Aduhelm approval could signal new era for CNS drugs; analysts
The unexpected approval and lofty pricing of Biogen’s Alzheimer’s therapy Aduhelm is clearly the biopharma event of the year so far, but what are the broader implications for the industry as a whole?
Analysts at RBC Capital Markets say that the decision points to an unprecedented shift in position for the FDA when it comes to regulating drugs for neurological and psychiatric disorders – and while the potential for Aduhelm may still be speculative, other drug developers could see big opportunities opening up.
The FDA’s willingness to approve Aduhelm (aducanumab) via an accelerated approval pathway with surrogate endpoints in areas where patient needs are unmet is “setting the stage for companies to see new, more efficient paths to market,” according to RBC’s Gregory Renza.
It signals a more permissive FDA stance on neuropsychiatric diseases “where a precedent on openness to new therapeutic options has been set,” and that could lead to greater interest in partnering with or acquisitions of companies with programmes in this area.
So which companies could benefit? One candidate is Acadia Pharma, whose Nuplazid (pimavanserin) therapy for dementia-related psychosis is currently under review at the FDA, albeit with questions about mixed results from studies and an earlier rejection by the agency in its history, said Renza. The drug is already approved to treat Parkinson’s disease psychosis.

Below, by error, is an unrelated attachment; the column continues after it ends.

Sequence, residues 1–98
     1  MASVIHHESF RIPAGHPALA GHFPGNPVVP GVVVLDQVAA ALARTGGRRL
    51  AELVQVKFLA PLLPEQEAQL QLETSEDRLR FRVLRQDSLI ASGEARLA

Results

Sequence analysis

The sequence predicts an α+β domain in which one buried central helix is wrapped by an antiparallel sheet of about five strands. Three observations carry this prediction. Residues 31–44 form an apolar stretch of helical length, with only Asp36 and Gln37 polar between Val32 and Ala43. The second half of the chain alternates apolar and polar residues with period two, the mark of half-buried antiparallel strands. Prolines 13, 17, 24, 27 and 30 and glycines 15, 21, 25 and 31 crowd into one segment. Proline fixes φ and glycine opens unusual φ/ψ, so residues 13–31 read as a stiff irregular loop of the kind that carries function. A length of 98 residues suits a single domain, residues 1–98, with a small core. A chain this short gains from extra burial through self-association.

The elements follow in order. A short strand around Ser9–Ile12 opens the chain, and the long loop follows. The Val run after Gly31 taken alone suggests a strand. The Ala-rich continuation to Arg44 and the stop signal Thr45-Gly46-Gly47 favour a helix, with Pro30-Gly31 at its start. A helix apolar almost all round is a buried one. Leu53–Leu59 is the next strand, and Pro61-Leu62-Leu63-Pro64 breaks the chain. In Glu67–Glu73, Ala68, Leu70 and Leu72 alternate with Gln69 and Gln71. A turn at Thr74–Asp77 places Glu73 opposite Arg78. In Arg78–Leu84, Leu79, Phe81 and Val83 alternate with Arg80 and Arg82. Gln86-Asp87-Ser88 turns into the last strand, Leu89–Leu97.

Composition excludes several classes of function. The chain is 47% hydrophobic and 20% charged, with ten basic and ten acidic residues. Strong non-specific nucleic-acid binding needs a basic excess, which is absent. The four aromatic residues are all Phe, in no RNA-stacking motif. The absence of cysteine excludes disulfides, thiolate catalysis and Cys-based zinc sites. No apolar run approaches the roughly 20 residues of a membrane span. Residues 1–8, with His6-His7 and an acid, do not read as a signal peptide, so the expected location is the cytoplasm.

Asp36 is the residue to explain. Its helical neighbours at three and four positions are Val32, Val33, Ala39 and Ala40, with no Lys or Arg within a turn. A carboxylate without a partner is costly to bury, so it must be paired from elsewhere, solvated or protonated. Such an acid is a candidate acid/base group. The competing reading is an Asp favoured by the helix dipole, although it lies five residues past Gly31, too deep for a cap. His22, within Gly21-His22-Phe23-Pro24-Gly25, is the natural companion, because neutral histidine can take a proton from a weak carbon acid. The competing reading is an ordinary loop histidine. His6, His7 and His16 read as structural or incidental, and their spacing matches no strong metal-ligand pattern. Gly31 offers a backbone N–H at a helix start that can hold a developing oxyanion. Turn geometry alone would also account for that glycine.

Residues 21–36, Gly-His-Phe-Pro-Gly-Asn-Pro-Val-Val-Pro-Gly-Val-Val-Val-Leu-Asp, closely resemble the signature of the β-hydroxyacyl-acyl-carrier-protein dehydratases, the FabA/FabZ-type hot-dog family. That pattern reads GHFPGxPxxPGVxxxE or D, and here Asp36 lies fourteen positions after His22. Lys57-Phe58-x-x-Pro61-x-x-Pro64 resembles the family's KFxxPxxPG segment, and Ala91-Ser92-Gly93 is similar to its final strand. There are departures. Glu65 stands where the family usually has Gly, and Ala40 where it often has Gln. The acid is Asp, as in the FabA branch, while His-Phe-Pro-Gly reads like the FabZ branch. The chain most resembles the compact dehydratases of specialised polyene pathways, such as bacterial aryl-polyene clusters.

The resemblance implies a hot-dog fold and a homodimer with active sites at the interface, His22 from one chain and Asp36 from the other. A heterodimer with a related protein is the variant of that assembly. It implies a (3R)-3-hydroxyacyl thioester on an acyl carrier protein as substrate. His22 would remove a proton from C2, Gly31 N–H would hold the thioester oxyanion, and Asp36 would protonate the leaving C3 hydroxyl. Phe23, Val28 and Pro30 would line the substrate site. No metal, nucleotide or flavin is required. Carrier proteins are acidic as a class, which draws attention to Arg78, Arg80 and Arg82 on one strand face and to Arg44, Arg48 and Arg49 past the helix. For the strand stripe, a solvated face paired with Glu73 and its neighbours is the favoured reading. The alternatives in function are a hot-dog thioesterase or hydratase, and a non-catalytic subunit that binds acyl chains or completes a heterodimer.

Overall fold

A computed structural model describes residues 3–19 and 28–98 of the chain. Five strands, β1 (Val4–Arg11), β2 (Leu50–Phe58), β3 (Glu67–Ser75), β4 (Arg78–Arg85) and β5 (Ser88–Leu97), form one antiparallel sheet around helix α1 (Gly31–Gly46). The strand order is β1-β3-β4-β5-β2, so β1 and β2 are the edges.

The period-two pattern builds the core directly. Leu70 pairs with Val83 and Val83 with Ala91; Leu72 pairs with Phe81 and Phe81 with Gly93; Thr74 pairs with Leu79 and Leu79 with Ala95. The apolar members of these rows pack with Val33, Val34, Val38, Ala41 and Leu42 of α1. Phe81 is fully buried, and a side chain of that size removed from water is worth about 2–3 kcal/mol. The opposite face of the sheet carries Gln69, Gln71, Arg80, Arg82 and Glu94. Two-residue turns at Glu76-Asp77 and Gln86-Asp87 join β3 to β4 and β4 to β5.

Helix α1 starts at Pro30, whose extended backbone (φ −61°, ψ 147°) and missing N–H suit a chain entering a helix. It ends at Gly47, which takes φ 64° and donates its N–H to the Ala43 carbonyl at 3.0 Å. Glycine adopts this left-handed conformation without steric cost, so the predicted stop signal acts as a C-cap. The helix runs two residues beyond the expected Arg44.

For RBC’s Brian Abrahams, other potential winners from a more accommodating FDA could be Sarepta – which is developing gene therapies for Duchenne muscular dystrophy – as well as Intra-Cellular Therapies whose Caplyta (lumateperone) is under review at the FDA for bipolar depression.
He also thinks Intercept Pharma could get an indirect benefit for its Ocaliva (obeticholic acid) product as it tries to find common ground with the FDA on a potential use in non-alcoholic steatohepatitis (NASH) – another widespread indication with massive unmet need.
“Whether the approval is ultimately an indication of a more lenient FDA remains to be determined, but both [Sarepta and Intercept] are levered to FDA decisions in complex indications,” according to Abrahams.
Aduhelm’s approval “may hint at a favourable regulatory environment and one that leans towards giving patients potential therapeutic options, especially when none are currently approved,” he added.
One consequence of Biogen’s good news is that it is less likely to go on the acquisition trial to bolster its pipeline, note the RBC analysts. In the past, the company has been named as a potential suitor for Sarepta as well as Sage Therapeutics.
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